Michigamme & Three Lakes area: Gateways to abundant waters
Serving as gateway communities on either side of the Marquette-Baraga county line, Michigamme and Three Lakes are places tied indelibly to the waters of peaceful and picturesque inland lakes.
This is a land of shoreline cotta
Michigamme, on the Marquette County side, shares its name with one of Michigan’s largest lakes, which laps against the shores of the village. Lake Michigamme covers nearly 4,300 acres and reaches depths of at least 70 feet.
Van Riper State Park, a site known for Lake Michigamme’s warm swimming waters at Champion Beach, is located a few miles east of the village. The state park is home to hiking trails, cabins, campgrounds and an inflatable summer water park, situated just offshore.
The village of Michigamme offers small shops and quiet, comfortable streets for walking. Along U.S. 41, north of the village, sits the Mount Shasta Lodge, which was featured in the 1959 motion picture “Anatomy of a Murder.”
A roadhouse scene, with Duke Ellington as “Pie-Eye” playing the piano and James Stewart was filmed here, as were some exterior shots that featured the lake.
Northwest of Michigamme, in Baraga County, is Craig Lake State Park, the most remote and wilderness-style of Michigan’s 103 state parks.
There are more lakes here defining the landscape, along with craggy bluffs and swamplands home to a remnant population of moose transplanted here from Canada during the mid-1980s.
There are yurts, cabins and campgrounds at Craig Lake State Park, with a few accessible only by canoe. The North Country National Scenic Trail cuts through part of the park, which is home to mixed forests, waterfalls and a rugged, remote setting.
North of Craig Lake State Park are the Michigamme Highlands, the Peshekee River and, to the delight of birdwatchers, bird species more commonly found in Canada’s boreal forests, including gray jays and boreal chickadees.
Michigan’s highest point, Mount Arvon, is found nearby.
Three Lakes, in Baraga County, is aptly named with lakes Ruth, George and Beaufort connected in a line, the first two bisected by U.S. 41. These are lakes of beautiful sunset skies and quiet mirrorlike waters at morning’s first light.
These lakes are also well-acquainted with the plopping of lures and bobbers of anglers pursuing panfish and other species from boats and docks located along the water’s edge.
Like Craig Lake and Van Riper state parks, the Michigan Department of Natural Resources manages a state forest campground and a boating access site on Beaufort Lake.
Not far from here, farther west and north, the DNR maintains a handful of state forest campgrounds at Big Lake and King Lake. Parent Lake, located near here too, has good boating opportunities.
Canyon, Agate and Silver waterfalls are well within a morning or afternoon’s drive, each providing great places to take photos, along with the Sturgeon River Gorge and sloughs.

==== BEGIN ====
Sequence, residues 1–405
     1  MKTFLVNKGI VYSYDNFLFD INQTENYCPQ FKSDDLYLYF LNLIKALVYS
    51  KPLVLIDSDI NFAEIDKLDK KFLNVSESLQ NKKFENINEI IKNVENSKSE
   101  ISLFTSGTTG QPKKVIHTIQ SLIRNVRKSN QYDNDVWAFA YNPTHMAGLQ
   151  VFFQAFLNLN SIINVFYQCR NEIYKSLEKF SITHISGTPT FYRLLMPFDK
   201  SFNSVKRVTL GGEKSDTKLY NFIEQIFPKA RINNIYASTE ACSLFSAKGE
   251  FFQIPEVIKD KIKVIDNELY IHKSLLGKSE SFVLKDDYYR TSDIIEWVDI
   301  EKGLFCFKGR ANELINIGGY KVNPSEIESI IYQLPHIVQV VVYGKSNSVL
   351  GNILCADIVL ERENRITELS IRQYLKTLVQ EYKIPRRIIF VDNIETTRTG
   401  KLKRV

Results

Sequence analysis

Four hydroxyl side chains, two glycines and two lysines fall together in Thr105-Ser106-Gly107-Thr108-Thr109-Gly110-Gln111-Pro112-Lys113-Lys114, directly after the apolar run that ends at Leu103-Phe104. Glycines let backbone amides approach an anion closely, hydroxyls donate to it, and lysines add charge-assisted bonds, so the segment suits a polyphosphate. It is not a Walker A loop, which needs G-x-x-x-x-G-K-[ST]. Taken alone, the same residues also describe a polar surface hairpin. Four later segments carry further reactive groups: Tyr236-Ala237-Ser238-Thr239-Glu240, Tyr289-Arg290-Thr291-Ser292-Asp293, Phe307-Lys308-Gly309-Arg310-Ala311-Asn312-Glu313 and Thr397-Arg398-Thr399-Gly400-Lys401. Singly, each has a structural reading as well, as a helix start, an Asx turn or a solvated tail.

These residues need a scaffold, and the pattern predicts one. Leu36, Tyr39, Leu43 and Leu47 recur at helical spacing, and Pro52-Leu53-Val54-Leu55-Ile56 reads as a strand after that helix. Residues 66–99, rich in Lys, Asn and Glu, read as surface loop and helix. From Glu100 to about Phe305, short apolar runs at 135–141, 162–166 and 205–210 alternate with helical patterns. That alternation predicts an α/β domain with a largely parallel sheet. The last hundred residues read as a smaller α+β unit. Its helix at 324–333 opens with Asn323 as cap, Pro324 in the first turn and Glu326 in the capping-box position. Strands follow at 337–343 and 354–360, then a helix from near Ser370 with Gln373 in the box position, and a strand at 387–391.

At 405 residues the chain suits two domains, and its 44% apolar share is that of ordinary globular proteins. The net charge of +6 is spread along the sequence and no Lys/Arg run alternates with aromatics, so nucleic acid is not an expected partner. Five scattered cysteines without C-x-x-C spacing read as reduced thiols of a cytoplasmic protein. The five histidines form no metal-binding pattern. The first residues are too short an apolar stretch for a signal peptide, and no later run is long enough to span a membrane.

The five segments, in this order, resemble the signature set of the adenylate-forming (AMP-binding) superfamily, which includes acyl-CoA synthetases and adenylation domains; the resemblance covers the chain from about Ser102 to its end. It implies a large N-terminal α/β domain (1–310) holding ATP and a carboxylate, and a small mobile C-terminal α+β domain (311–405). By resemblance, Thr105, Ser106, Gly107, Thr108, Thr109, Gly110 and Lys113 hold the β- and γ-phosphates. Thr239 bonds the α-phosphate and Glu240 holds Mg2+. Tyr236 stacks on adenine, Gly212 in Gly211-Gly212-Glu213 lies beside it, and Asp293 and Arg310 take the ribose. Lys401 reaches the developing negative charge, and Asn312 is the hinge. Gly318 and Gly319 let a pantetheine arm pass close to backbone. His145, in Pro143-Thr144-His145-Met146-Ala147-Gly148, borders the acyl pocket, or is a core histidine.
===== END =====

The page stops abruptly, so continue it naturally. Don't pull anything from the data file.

Henry Ford owned about 400,000 acres in this part of the peninsula during the 1920s, using the lands for production of timber components for his automobiles. After the Great Depression downturned his prospects, Ford sold his holdings here during the early 1940s.
A sawmill, some additional buildings and other items are preserved at the Ford Forestry Center in Alberta, across U.S. 41 from the Alberta Pond, a quiet place for fishing and picnicking.
The villages of Baraga and L’Anse are easy day trips away from this area, along with Houghton and Hancock — situated on either side of the Portage Canal — in neighboring Houghton County.
The highway corridor from Michigamme east through Champion and Humboldt, and west through Three Lakes and Nestoria, is prime moose wildlife viewing country. The animals are often seen in wetlands flanking the highway.
It’s best to have a camera ready when traveling through this area, for an opportunity to see a moose can present itself year-round.
By the late 1800s, Three Lakes was home to a railroad station and an iron mining settlement. Today, there are a couple of operating motels and a restaurant and bar up the road at Nestoria.
At Michigamme, an iron mine discovered by Jacob Houghton operated during this same time. After the Michigamme Mine closed in the early 1900s, the village declined in population.
State highways connecting to this area, including M-95 and M-28 offer arteries to new horizons of summertime adventure and exploration — more moose country and more water along the Michigamme, Ontonagon and Sturgeon rivers.
A glance at a good county map will show a landscape dominated by blue ink representing the countless lakes and waterways, and green for the deep forests and wilderness areas in this wild oasis.
A visitor here can find peaceful places to wet a line, snap a photo or sit by a fire and watch the sun go down and the stars come up. This somewhat remote part of the Upper Peninsula is a little slice of heaven right here on Earth.